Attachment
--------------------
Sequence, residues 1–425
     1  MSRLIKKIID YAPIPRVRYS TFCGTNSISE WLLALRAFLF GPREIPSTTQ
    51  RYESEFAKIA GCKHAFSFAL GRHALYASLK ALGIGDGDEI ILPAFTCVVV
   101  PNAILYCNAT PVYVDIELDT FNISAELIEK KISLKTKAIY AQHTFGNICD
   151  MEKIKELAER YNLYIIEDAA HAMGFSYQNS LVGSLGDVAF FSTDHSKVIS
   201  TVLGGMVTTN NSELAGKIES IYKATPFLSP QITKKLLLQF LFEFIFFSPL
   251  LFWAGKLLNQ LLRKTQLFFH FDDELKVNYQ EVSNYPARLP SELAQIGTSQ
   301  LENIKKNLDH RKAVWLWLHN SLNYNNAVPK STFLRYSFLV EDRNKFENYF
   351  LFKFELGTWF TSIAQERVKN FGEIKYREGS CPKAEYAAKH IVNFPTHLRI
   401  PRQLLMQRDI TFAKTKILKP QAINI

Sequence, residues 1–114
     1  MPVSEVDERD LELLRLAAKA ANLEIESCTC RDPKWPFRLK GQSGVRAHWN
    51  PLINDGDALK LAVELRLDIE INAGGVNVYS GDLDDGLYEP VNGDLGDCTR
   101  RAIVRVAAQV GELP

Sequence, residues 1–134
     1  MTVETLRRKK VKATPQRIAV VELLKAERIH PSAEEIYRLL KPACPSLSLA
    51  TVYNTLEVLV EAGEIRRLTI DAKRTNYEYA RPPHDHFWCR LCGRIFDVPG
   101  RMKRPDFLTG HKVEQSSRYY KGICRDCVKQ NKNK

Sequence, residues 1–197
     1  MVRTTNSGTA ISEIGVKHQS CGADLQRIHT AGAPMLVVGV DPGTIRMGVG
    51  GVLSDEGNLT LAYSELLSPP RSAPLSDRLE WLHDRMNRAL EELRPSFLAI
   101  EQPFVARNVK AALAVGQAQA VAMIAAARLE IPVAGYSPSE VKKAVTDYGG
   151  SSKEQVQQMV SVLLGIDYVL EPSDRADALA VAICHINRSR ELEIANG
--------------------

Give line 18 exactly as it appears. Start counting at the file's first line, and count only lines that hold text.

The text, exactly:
   101  RMKRPDFLTG HKVEQSSRYY KGICRDCVKQ NKNK